- And so, here we are. Over a span of 155 years, "The Star Spangled Banner" has gone from a song played only on special occasions to one that's heard before the start of any and every competition this side of hide-and-seek at a children's' birthday party. I'll let y'all decide if that's a good thing, or not, and I'm not necessarily interested in what you decide.
- After years of clamoring for the Steelers to find somebody besides Antonio Brown to return punts, the masses have been getting what they have wanted. But I wonder what the masses thought of getting what they wanted as the Bears were recovering Eli Rogers' muff of Chicago's first punt of the game.
- The whole concept of Brown needing to be protected from returning punts never has made a lot of sense to me, because he would seem to be more at risk running routes over the middle (Vontaze Burfict) than settling under a punt that he can fair-catch.
- But guys can get injured on any football play, and Brown never has come across as fragile. And the importance of handling the punt return job cleanly is very important because of what the play means.
- To the team receiving the punt, it's a situation where its defense has just successfully ended an opponent's offensive possession, and then to lose the ball on a muffed/fumbled punt puts the defense right back on the field but only after surrendering a huge chunk of yardage, to say nothing of the psychological blow it inflicts. For the team recovering the fumbled punt, it's a huge emotional swing after a failed offensive possession, and the hunk of yardage gained in terms of field position poses a significant tactical advantage.
- If the Steelers even had someone as good as Brown to return punts, that would be one issue, but they don't. Besides lacking the short-area quickness coupled with the burst to take advantage of creases in the punt team's coverage, Rogers often doesn't look comfortable settling under the kick just to make the catch.
- One play wasn't the sole cause of the Steelers losing to the Bears, but that one play gave the home underdogs a significant boost to their confidence, to say nothing of a first down on the Pittsburgh 29-yard that their offense didn't earn.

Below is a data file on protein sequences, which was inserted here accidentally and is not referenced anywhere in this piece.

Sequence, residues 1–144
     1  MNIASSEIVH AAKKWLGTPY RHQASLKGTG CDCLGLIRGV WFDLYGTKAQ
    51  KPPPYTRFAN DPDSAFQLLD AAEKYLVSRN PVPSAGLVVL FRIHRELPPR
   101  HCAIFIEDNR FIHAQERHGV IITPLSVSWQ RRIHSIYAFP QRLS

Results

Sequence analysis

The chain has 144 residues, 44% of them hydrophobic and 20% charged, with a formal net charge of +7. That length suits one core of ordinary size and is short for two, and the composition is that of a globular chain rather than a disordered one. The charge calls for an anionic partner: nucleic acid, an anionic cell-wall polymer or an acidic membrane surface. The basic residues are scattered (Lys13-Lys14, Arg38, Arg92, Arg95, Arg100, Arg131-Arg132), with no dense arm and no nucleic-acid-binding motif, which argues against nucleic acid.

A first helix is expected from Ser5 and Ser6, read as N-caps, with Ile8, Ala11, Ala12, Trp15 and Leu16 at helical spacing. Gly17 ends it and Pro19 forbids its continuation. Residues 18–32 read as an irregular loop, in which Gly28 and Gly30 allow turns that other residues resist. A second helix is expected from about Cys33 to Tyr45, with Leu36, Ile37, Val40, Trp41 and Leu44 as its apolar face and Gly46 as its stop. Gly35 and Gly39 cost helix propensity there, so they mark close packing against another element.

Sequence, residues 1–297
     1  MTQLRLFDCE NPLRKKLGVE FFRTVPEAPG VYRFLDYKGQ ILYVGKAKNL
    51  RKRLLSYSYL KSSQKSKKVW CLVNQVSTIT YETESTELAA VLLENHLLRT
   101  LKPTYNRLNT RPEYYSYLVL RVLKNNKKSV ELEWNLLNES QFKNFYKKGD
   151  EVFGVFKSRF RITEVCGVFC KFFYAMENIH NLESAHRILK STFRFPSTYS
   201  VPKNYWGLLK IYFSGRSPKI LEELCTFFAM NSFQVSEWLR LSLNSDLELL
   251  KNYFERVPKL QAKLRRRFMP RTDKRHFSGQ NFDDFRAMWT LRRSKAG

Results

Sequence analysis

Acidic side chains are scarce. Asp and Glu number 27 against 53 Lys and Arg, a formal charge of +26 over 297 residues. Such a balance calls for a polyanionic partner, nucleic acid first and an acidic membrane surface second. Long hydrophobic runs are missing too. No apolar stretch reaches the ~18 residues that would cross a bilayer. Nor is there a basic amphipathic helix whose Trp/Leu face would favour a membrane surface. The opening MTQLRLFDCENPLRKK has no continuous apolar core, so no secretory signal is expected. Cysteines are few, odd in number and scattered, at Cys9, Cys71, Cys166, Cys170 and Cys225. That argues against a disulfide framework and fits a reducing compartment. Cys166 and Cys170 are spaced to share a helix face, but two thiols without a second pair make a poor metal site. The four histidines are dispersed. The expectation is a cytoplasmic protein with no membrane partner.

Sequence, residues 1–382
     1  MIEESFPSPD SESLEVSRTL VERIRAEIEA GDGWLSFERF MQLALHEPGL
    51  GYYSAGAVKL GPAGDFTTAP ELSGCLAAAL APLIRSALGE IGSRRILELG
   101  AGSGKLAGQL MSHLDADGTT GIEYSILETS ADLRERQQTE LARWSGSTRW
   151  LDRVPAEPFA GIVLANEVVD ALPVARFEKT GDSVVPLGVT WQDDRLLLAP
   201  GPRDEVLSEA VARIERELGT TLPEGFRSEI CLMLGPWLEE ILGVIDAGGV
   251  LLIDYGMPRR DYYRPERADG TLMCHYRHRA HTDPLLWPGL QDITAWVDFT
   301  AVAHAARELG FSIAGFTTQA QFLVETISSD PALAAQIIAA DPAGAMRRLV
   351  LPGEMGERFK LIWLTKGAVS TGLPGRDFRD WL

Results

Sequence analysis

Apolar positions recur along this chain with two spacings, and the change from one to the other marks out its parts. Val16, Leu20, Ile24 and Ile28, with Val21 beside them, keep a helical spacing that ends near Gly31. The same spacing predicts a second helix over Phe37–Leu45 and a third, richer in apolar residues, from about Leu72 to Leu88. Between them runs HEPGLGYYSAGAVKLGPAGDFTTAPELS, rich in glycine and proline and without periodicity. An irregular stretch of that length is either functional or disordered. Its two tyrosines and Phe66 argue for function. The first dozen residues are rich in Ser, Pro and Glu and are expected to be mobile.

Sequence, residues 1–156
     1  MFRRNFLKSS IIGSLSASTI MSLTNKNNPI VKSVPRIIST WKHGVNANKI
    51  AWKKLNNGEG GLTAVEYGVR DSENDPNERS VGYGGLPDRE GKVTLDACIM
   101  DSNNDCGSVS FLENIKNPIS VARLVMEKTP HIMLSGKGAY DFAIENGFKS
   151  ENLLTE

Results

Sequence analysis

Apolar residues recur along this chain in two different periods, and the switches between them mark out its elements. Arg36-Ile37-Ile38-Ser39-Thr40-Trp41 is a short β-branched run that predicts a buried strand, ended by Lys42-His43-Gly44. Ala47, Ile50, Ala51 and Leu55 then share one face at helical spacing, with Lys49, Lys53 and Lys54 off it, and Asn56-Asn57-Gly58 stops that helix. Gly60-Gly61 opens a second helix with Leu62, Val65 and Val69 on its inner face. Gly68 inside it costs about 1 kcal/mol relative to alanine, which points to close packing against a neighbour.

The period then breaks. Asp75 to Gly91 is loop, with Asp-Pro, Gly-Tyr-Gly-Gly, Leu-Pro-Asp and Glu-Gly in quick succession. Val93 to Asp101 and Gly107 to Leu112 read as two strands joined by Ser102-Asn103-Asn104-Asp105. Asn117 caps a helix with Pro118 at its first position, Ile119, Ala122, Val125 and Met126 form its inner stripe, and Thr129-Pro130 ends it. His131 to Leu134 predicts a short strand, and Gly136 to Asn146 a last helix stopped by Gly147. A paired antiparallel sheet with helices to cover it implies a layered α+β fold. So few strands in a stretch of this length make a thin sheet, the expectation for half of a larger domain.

- The issue of declining ratings for NFL games has been widely reported, and usually the metric cited has to do with comparing year-to-year based on the same period of each season. But with viewership becoming increasingly fractured with so many channels and options, there's an argument to be made that ratings for everything will be down year-to-year.
- In the most recent issue of TV Guide, in a ranking of the top 25 most watched shows during the period of Sept. 11-17, five of the top 12 shows, and four of the top seven shows were NFL games. If NFL games remain among the most-watched shows on television, the networks will pay for the broadcast rights, regardless of the total number of eyeballs.
- It's completely understandable what the Steelers are doing with William Gay early in the season. With none of their outside linebackers sidelined because of injury, at least not for multiple games, and with Anthony Chickillo leading the team with three sacks, and with outside linebackers accounting for six of the team's 11 sacks, keeping Harrison under wraps is easy to justify.
- But I would be thinking long and hard about letting him play against the Ravens. History says it could be the right thing to do.
- In 23 starts against the Ravens while wearing a Steelers uniform, Harrison has 19 sacks, five passes defensed, one interception, seven forced fumbles, and one fumble recovery. He has six multi-sack games, with the most recent one of those coming just last season, and 136 tackles,
- Mike Tomlin has said one of the reasons behind his thinking in sticking with Chickillo as the overall No. 3 outside linebacker is the idea of going with the hot hand. Well, since 2004, James Harrison has had a hot hand vs. the Ravens.